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Sid Chauhan exit letter calls for new ethos & 'leadership change' at NLSIU Bangalore

NLSIU Bangalore alum Sidharth Chauhan, who was dismissed from his temporary faculty position at the law school last month, wrote an open letter to the NLSIU community on Friday alleging that his dismissal was “a warning meant to discourage other members of the faculty and administrative staff from asking difficult questions”.

On 31 January, the NLSIU administration terminated Chauhan’s temporary contract of service without an explanation over email.

He told Legally India on the day of his dismissal, that the development was a direct result of his “criticising the VC [vice chancellor]”.

Chauhan had sent two open letter emails to NLSIU VC Prof R Venkat Rao in December, copying in NLSIU's faculty, student body and administration. In his emails he criticised Rao’s manner and method of imposing a curfew on students, following an alleged rape of a student nearby.

When asked by Legally India, Rao declined to comment on the decision, attributing it to the Executive Council (EC) of the school.

Thursday, 28 February was Chauhan’s last day on campus. In Friday’s 2,000-word email, sent to the Student Bar Association (SBA), LLB and LLM students, faculty, research centres, and the administration, Chauhan alleged:

While it is open to the Vice-Chancellor to attribute my dismissal to the Executive Council, let us not keep up with any pretence. Those who were present at the emergency meeting of the Executive Council (EC) on January 13, 2013 have confirmed that there was a resolution passed in that meeting which authorised Prof. R. Venkata Rao to act as he deemed fit in my case.

This was evidently in response to the tabling of the e-mails which I had sent to all of you on December 12 and 13, 2012 as well as a private e-mail sent to the Vice-Chancellor on December 17, 2012. Hence, it is not plausible to say that my dismissal is unrelated to these e-mails which were openly critical of some of the Vice-Chancellor's decisions in the recent past.

It is clearly a decision made by Prof. R. Venkata Rao in the exercise of his own judgment, albeit under the authority of the EC. Needless to say, it reflects a retrograde approach which is out of place in a 21st century law school. Institutions such as ours have evolved in an environment of self-criticism and open dialogue, both with respect to academic and administrative matters. However, the present incumbent has refused to recognize the instrumental as well as intrinsic value of deliberative decision-making, primarily by discontinuing the established practice of weekly faculty meetings.

Furthermore, my dismissal comes across as a warning meant to discourage other members of the faculty and administrative staff from asking difficult questions. The head of the institution seems to have worked out a convenient strategy. He chooses to ignore the inputs and the opinions of the faculty members by refusing to call meetings and then hides behind the authority of the EC to push through ill-considered measures. Never mind that the EC has a floating membership that largely consists of sitting justices, practicing lawyers and civil servants who visit the school twice or thrice in an academic year and hardly have the time or the inclination to understand its inner workings.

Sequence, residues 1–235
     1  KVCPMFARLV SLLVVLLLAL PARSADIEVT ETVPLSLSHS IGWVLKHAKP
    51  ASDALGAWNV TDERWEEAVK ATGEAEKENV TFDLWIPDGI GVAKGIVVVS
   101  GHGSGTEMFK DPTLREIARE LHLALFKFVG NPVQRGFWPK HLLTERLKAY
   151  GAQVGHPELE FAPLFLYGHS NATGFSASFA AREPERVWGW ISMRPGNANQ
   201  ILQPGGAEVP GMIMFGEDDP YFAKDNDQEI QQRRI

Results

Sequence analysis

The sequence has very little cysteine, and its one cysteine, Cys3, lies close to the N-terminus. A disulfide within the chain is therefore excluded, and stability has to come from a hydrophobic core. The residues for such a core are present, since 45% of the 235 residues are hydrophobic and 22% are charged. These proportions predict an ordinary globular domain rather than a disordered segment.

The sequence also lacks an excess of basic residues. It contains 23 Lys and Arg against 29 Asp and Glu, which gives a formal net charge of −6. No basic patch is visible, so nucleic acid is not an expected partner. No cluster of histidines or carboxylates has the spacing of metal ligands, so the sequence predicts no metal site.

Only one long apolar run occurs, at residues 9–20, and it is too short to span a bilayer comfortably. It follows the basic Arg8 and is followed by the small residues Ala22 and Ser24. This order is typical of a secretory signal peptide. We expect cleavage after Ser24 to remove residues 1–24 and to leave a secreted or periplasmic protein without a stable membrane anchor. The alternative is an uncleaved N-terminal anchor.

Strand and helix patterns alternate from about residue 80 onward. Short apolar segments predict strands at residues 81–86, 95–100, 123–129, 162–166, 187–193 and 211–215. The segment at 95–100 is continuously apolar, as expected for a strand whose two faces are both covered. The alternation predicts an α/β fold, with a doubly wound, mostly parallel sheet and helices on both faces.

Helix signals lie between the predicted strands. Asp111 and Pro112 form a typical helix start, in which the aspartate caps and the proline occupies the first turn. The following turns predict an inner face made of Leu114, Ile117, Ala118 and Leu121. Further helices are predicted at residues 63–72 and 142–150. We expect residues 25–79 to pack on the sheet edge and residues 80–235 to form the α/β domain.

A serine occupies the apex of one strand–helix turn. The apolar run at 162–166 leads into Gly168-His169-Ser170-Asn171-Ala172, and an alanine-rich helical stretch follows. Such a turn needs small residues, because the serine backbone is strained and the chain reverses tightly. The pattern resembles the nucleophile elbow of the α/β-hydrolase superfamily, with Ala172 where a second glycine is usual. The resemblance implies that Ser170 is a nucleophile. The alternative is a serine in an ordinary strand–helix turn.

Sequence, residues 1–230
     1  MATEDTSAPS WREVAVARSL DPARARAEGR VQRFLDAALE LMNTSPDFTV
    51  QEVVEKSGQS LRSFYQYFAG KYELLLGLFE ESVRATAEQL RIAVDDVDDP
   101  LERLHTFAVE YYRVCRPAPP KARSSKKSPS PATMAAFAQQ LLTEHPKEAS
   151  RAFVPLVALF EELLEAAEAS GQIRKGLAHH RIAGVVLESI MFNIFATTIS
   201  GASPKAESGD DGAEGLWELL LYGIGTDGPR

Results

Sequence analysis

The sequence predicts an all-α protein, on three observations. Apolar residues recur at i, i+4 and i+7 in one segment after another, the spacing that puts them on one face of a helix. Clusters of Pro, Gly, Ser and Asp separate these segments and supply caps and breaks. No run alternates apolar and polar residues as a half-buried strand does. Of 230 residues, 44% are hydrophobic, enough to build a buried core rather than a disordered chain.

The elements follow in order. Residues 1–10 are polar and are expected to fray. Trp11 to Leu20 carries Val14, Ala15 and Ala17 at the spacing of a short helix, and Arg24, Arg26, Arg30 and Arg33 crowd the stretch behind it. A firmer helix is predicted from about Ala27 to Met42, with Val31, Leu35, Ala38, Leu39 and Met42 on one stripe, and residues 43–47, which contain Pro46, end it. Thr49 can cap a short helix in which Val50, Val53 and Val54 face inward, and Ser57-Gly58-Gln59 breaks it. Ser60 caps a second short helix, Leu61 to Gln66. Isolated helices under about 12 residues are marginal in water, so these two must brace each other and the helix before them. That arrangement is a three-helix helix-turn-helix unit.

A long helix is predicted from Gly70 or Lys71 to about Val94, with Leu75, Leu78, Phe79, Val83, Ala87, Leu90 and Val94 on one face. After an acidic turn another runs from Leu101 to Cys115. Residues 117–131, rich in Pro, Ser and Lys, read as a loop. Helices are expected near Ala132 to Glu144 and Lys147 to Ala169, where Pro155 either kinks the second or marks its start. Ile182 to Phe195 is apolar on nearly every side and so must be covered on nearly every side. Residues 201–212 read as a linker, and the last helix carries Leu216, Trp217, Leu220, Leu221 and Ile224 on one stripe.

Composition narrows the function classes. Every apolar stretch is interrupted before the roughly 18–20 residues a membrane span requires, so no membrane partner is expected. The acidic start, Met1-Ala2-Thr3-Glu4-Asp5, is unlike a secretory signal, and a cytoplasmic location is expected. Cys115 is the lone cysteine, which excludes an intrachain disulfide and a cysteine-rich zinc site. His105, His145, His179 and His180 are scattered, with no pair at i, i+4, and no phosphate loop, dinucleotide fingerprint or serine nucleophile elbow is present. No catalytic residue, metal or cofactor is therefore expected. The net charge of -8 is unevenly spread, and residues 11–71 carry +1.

If there were indeed some other reasons behind this decision, those reasons should at least have been informally communicated to me before the issuance of the notice. Were there serious inadequacies in my own teaching? To the best of my knowledge, the feedback received from students has largely been on the positive side. [...]

NLSIU was designed so as to be insulated from the pressures of partisan politics and short-term thinking that could undermine academic pursuits. Its' autonomous character not only signifies independence from undue influence by external parties but also a certain degree of autonomy for its faculty and staff. While a centralized style of functioning maybe appropriate for some settings, it has no place in an academic institution that claims to be the national leader in the field of legal education.

In the school built by Dr. N.R. Madhava Menon, the faculty, staff and students have a duty to constantly ask questions about their immediate environment so as to collectively work for its improvement. Building an academic institution is an arduous process and consolidating it is even harder. In the twenty-fifth year of its teaching programmes, the school can profit from more robust questioning of its own workings.

By dismissing me and seeking to silence his critics, Prof. R. Venkata Rao is desperately trying to undermine the deliberative ethos of the institution. What is even more serious is the evident lack of communication amongst the faculty members. [...]

Given the absence of regular faculty meetings, there now seems to be a presumption of distrust among several factions as well as a reluctance to collaborate in meaningful pursuits [...]

Hopefully this is not the endgame for me at the NLSIU and there will be a chance to return on the other side of a doctoral degree and more importantly a leadership change that will see the restoration of the deliberative ethos of this institution.”

Chauhan concluded that he was in talks to join another institute in the coming academic year, “proceeding in the hope that the idea of an autonomous law school is not a lost cause”.

Rao declined to comment when contacted.

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